Cape Cod's waters are part of a natural and wild marine ecosystem with a rich diversity of sea life, including sharks. Seals are the major prey species for the great white shark, and as the seal population increases, the great white shark has become more numerous. There are confirmed reports of great white sharks feeding on seals close to shore. Spotter planes flying along the Outer Cape have also observed great white sharks near swimming beaches.
The national seashore is committed to continuing to explore ways to educate the public to help reduce risk when recreating in wild habitats. While it is rare for a great white shark to bite a human, since 2012, sharks have bitten people three times in the waters off Truro and Wellfleet. One bite in 2018 resulted in a fatality.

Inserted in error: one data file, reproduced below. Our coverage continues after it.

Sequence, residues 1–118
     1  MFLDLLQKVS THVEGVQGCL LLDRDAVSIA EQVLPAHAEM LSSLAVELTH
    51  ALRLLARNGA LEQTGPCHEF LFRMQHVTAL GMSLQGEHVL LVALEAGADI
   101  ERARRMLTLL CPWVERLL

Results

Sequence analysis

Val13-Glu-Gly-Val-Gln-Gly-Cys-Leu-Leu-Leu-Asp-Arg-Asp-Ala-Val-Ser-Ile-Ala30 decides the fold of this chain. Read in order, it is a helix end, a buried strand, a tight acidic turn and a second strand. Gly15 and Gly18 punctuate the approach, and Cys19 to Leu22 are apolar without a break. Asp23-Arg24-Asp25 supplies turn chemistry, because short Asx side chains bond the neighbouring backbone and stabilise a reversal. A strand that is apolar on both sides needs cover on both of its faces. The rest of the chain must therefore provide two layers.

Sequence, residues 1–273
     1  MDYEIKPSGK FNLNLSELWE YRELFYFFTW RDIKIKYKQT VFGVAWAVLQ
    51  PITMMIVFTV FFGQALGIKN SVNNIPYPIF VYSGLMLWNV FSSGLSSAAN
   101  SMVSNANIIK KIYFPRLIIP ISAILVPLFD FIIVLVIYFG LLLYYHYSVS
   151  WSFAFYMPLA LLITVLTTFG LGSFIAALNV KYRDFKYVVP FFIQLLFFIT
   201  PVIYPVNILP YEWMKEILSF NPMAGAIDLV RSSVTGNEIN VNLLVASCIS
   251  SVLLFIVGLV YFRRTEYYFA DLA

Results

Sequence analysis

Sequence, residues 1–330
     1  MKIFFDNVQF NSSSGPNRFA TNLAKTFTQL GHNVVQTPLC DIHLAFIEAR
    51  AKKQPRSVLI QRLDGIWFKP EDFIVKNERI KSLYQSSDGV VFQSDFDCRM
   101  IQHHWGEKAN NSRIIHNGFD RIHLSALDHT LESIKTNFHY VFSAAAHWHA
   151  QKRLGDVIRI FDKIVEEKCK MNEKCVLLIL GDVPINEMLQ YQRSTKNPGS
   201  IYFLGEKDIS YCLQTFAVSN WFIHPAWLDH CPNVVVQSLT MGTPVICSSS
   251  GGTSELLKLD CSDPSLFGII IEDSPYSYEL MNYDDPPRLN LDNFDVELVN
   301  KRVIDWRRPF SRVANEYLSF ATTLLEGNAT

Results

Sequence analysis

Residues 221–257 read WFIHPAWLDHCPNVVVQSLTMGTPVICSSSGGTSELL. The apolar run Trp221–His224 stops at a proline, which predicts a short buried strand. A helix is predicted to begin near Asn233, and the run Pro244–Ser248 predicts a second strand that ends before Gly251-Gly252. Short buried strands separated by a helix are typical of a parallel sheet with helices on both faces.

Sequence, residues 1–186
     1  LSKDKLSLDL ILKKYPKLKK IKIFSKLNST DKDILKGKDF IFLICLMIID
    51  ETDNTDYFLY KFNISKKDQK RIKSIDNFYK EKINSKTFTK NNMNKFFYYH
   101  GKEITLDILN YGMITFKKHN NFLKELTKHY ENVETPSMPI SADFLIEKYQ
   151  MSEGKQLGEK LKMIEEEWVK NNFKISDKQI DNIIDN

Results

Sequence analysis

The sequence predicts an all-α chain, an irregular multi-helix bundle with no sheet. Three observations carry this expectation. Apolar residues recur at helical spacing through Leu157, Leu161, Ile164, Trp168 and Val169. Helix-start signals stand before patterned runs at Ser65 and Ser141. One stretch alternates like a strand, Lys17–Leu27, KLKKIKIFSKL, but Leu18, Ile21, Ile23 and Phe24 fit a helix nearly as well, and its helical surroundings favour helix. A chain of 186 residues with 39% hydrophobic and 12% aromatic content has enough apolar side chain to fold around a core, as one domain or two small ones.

- Sharks have existed for more than 400-million years.
- As top predators, sharks are critical for maintaining a healthy and balanced marine ecosystem.
- Great white shark numbers have increased on the Cape because of a growing seal population which has rebounded after being hunted to near extinction.